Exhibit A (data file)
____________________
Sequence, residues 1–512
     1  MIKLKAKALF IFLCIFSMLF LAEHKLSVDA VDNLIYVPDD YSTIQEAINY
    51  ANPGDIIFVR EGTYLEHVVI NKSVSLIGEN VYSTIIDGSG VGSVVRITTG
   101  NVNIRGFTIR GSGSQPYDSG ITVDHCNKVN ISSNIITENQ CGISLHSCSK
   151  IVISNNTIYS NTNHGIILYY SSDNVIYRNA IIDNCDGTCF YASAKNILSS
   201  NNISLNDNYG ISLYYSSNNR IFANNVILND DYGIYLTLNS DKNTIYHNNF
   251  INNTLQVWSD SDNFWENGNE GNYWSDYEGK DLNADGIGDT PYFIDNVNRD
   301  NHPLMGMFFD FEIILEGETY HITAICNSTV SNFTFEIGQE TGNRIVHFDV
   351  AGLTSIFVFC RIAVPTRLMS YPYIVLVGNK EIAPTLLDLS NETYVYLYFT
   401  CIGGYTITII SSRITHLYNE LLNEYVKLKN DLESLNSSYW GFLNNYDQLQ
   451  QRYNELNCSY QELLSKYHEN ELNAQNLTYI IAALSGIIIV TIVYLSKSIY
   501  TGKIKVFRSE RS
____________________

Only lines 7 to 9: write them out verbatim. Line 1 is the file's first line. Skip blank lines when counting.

   251  INNTLQVWSD SDNFWENGNE GNYWSDYEGK DLNADGIGDT PYFIDNVNRD
   301  NHPLMGMFFD FEIILEGETY HITAICNSTV SNFTFEIGQE TGNRIVHFDV
   351  AGLTSIFVFC RIAVPTRLMS YPYIVLVGNK EIAPTLLDLS NETYVYLYFT